CD 1: Improvisations Nos. 1-12. Available for digital download at https://smprecords.bandcamp.com/album/triptych-1-digital-release
CD 2: 2 Improvisations, titled Side A and Side B. Available for digital download at https://smprecords.bandcamp.com/album/triptych-2-digital-release
CD 3: 2 Improvisations titled Side A and Side B. Available for digital download at https://smprecords.bandcamp.com/album/triptych-3-digital-release / Ivo Perelman, t-sax; Matthew Shipp, pno / SMP Records, also available as a combined CD-LP-cassette release, no number.
The Ivo Perelman-Matthew Shipp collaboration, which began two decades ago and has shown no sign of abating, is the most interesting and productive in the entire history of free jazz. Throughout their time together—at least half of which seems to be spent in the recording studio, turning out records for at least five different labels—they have refined and distilled their talents to a peak of perfection that is not only rare but unique in the free jazz world. Although both musicians have roots in classical music, Perelman as a rule abandons form in pursuit of the most extreme chord positions within his playing, while Shipp, though highly inventive in his own right, never completely abandons standard tonality—his chords often bring Perelman back into recognizable harmonic territory—or the concept of musical form. His playing almost always “goes somewhere,” thus over the years the two musicians have gravitated closer and closer to one another. The results have thus grown from their earlier experiments (some of them available on multi-CD sets from Leo Records) to their outstanding “Fruition” album on ESP-Disk, which I was privileged to review a year before it was released. This set is their latest collaboration.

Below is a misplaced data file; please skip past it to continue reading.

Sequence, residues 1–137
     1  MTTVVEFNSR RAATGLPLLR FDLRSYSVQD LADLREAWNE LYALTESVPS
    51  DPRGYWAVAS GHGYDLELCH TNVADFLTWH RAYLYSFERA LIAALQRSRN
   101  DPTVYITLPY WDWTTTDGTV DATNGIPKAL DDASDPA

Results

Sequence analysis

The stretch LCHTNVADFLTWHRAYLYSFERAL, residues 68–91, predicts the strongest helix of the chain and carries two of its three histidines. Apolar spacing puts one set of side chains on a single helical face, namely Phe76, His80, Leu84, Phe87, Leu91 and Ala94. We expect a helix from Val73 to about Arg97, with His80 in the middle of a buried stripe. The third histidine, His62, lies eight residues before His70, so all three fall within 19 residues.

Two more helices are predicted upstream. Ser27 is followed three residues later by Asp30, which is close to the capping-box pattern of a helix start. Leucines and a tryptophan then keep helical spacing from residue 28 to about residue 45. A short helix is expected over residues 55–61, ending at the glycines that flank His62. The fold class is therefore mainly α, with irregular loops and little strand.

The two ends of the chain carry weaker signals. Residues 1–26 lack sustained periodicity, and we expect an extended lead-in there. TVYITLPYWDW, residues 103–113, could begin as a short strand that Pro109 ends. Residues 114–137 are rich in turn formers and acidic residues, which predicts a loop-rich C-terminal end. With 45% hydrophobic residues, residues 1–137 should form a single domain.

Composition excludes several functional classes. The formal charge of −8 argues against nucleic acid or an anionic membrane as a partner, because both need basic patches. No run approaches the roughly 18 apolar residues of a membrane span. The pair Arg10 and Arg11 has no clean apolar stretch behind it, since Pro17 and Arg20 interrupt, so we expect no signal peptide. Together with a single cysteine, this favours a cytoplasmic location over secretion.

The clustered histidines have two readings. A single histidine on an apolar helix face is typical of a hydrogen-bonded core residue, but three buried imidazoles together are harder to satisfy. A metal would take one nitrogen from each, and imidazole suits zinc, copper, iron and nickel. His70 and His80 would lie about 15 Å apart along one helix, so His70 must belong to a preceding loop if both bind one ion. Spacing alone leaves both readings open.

In my email interview with Perelman and Shipp, the love and respect they have for each other is evident. In regards to this specific release, Perelman told annotator Hrayr Attarian that “We seem to keep developing in parallel for decades now so we never get tired of playing together, we are always avoiding comfort zones , it is always a thrill and a very rewarding experience for us to play music together.”
The reason for the strange titles of their duo-improvisations stems from the fact that SMP Records is planning to release this set not only as digital downloads, as noted in the header above, but also as a combined CD-LP-Cassette format. I really can’t say why the label is going to such extremes for this release, excellent though the music is. Although I know that there is, for some unexplained reason, a market for vinyl LPs (particularly in the jazz world, but also, it seems, in the classical field), I don’t know a single person who still collects cassette tapes. The cassette format died out even quicker than LPs once the CD revolution took effect in the mid-1980s. But such is life. The shortest set is the second, which consists of only two long tracks of a little over 15 minutes each. This is intended to be the cassette portion of the physical release.
So, on to the music.